In response to the report’s survey results, in which women said they suffered discrimination when it came to promotions, and were paid less than men for the same jobs, the company stated that more than 11,600 female workers were promoted in 2008.

The head of Semillas pointed out that many transnational corporations, especially in the textile industry, have cut off deliveries of parts and components to firms that violate labour rights. “The same kind of measure could be taken in the case of Wal-Mart,” said De León.

In the United States, where Wal-Mart has some 3,400 stores and 1.6 million employees, it is facing a class action lawsuit for gender discrimination, the largest private civil rights case in U.S. history.

Although when she applied for a job at Wal-Mart, Paulina did not know it was illegal to ask her whether she was pregnant, she felt humiliated by this and other personal questions that she was required to answer, like at least half of the female workers interviewed by PRODESC.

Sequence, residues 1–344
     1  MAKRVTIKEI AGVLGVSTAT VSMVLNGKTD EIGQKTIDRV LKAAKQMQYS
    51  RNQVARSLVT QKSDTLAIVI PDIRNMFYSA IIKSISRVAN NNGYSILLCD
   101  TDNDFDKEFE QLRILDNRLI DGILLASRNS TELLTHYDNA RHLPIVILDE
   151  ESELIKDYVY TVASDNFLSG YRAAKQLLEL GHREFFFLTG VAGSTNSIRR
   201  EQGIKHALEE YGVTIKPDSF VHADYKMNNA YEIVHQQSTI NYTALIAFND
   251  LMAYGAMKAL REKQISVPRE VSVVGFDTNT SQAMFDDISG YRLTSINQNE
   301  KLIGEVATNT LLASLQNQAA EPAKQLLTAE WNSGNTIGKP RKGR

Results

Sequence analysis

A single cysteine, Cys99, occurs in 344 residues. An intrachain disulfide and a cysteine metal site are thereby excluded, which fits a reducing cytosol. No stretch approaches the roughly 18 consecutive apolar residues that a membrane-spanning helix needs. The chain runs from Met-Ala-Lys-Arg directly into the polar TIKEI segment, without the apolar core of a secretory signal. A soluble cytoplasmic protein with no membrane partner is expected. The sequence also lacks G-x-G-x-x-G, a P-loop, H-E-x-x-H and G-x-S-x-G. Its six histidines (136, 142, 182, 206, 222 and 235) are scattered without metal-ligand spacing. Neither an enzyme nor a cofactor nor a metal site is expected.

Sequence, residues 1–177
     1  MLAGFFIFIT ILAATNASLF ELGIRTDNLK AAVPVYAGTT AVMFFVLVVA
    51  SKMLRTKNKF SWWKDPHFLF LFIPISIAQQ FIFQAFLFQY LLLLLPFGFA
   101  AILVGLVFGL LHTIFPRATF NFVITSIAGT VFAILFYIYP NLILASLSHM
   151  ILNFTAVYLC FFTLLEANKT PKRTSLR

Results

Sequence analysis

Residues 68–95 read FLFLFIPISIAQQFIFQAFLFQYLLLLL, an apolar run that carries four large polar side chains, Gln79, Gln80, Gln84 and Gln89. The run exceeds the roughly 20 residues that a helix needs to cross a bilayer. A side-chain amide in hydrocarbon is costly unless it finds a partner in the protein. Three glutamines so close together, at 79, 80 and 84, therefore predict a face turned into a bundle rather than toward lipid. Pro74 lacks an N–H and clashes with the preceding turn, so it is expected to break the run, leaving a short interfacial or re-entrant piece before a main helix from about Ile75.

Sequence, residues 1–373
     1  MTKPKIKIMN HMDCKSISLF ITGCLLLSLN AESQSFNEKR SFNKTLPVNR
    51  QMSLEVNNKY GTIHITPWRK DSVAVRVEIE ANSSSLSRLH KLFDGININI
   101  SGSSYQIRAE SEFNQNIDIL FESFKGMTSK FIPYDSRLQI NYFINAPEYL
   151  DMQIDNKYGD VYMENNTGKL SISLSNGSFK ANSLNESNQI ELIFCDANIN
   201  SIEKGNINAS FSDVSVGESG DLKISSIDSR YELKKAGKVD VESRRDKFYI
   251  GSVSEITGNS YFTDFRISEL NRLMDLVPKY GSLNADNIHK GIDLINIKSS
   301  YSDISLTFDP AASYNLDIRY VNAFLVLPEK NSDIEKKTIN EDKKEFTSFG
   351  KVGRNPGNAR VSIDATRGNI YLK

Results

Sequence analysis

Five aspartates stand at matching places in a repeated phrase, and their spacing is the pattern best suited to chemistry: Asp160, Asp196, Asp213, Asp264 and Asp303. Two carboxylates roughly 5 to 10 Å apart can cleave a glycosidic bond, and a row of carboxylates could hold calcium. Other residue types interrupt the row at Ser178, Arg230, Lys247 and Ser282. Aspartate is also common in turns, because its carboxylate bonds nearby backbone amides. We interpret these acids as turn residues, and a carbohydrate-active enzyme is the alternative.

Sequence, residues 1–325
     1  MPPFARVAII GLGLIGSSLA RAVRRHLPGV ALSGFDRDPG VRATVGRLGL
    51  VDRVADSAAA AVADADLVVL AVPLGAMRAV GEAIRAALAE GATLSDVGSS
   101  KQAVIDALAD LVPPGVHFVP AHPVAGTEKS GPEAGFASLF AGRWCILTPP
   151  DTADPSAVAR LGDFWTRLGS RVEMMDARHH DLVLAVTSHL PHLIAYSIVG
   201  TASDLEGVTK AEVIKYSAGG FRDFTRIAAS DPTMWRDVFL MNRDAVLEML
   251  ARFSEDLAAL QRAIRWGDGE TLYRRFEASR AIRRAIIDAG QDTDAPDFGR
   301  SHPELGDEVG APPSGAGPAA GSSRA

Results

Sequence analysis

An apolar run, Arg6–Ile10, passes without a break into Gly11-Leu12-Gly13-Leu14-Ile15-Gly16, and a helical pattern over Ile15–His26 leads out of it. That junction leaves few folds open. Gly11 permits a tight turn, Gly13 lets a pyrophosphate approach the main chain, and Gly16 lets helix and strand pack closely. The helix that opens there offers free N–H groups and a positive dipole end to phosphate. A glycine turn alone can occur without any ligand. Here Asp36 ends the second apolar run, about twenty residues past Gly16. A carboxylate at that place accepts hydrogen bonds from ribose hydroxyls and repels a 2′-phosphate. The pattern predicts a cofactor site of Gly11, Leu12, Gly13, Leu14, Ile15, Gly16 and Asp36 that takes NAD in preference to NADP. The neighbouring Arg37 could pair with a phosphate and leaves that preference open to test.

She has also heard of women who were fired, allegedly for “security problems,” when their bosses found out they were pregnant, as occurred in two percent of the cases studied by the report.

Paulina said she herself has been bypassed for promotion: “I have a perfect record, but four months ago they chose a male co-worker, who already earned more than me as a cashier, for the post of supervisor.”

“Women make up a majority of the employees, but men are the privileged ones,” she complained.

Organisations like PRODESC and Semillas have launched awareness-raising campaigns and programmes in maquilas and mining companies, to help female workers learn about their rights.

The report on Wal-Mart also found violations of the rights of 75,000 underage employees who work as bag boys or baggers.

The baggers, known as “cerillos” in Mexico, do not earn wages, and work for tips. Nevertheless, the company requires them to do things like collect the shopping carts and stock the shelves. They also work much longer days than the six hours that minors can legally work